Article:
Topcu and Khatib and Bayomy also showed that the addition of coarse rubber chips in concrete lowered the compressive strength more than the addition of fine crumb rubber. However, results reported by Ali, et al. and Fatuhi and Clark indicate the opposite trend. Segre and Jockes have worked on the use of tire rubber particles as addition of cement paste. In their work, the surface of powdered tire rubber was modified to increase its adhesion to cement paste. Low cost procedures and reagents were used in the surface

    • treatment to minimize the final cost of the material. Among the surface treatments tsted to enhance the hydrophilicity of the rubber surface, a sodium hydroxide (NaOH) solution gave the best result.

    • Lee, et al. developed tire-added latex concrete to incorporate recycled tire rubber as part of concrete. Crumb rubbers from tires were used in TALC as a substitute for fine aggregates. while maintaining the same water-cement ratio TALC showed higher flexural and impact strengths than those of portland cement .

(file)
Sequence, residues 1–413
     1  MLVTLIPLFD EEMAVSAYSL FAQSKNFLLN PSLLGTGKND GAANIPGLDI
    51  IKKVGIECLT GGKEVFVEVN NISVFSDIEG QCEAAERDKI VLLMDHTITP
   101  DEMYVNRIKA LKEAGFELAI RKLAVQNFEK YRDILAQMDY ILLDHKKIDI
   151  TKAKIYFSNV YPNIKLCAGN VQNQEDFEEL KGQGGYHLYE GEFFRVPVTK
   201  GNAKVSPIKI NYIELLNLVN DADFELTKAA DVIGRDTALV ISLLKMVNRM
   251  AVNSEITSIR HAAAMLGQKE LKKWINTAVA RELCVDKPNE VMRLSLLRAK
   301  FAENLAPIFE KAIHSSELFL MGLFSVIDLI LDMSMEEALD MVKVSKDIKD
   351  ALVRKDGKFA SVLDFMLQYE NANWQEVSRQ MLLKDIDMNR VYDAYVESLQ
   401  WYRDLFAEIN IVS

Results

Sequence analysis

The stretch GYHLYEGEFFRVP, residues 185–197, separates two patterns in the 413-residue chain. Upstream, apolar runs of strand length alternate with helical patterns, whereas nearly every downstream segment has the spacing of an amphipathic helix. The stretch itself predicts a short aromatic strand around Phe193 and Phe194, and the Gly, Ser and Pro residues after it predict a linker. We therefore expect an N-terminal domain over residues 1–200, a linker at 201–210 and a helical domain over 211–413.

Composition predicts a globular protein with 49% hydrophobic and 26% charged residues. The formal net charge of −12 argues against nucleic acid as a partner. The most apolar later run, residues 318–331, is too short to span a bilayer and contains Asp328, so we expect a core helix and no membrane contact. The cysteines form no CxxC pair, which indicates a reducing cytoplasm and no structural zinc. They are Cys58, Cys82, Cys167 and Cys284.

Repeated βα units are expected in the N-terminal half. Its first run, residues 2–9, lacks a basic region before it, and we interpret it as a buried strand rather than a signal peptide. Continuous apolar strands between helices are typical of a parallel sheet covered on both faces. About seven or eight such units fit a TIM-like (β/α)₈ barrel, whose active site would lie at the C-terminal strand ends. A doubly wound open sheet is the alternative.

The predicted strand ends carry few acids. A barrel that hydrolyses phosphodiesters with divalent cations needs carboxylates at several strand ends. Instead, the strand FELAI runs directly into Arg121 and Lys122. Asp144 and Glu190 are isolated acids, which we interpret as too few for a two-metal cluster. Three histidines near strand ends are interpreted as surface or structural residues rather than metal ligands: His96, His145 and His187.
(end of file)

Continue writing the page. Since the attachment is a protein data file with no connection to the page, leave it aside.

REFERENCE

  1. E.Ganjian, M. Khorami and A. A. Maghsoudi, Scrap- Tire-Rubber Replacement Foraggregate and Filler in Concrete, Construction and Building Materials, Vol. 23, No. 5, 2009, pp. 1828-1836. doi:10.1016/j.conbuildmat.2008.09.020

  2. M. K. Batayneh, M. Iqbal and A. Ibrahim, Promoting the Use of Crumb Rubber Concrete in Developing countries, Waste Management, Vol. 28, No. 11, 2008, pp. 2171- 2176.

  3. I. B.Topcu and A. Demir, Durability of Rubberized Mortar and Concrete, ASCE Journal of Materials in Civil Engineering, Vol. 19, No. 2, 2007, pp. 173-178. doi:10.1061/(ASCE)0899- 1561(2007)19:2(173)

  4. F. Hernandez-Olivares and G. Barluenga, Fire Performance of Recycled Rubber-Filled High-Strength Con- crete, Cement and Concrete Research, Vol. 34, No. 1, 2004, pp. 109-117. doi:10.1016/S0008-8846(03)00253-9

  5. C.E.Pierce and M. C. Blackwell, Potential of Scrap Tire Rubber as Lightweight Aggregate Inflowable Fill

EXPERIMENTAL INVESTIGATION

PRELIMINARY TEST FOR CEMENT SPECIFIC GRAVITY FOR CEMENT

The specific gravity of cement found to be 3.15

FINENESS OF CEMENT

The fineness of cement has an important bearing on the rate of hydration and hence the gain of strength.

PROCEDURE: –